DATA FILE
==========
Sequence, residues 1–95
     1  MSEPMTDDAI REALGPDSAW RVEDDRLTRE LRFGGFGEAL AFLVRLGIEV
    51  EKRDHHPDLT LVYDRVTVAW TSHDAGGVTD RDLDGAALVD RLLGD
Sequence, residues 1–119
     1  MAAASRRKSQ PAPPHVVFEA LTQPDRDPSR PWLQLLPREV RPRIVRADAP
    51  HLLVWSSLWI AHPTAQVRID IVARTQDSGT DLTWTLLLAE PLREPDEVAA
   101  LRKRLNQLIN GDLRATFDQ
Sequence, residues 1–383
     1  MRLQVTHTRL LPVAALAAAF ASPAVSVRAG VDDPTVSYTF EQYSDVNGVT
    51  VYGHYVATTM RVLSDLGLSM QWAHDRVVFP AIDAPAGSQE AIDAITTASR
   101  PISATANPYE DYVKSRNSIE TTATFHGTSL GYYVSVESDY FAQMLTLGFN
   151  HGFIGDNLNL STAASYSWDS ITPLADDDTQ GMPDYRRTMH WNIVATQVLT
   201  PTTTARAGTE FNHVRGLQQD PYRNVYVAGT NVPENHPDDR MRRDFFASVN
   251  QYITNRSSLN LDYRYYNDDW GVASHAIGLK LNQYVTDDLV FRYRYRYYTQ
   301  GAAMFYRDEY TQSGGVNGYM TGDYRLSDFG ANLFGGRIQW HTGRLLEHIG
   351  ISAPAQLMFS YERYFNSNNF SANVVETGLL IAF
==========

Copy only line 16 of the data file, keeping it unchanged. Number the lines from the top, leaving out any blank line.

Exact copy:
   351  ISAPAQLMFS YERYFNSNNF SANVVETGLL IAF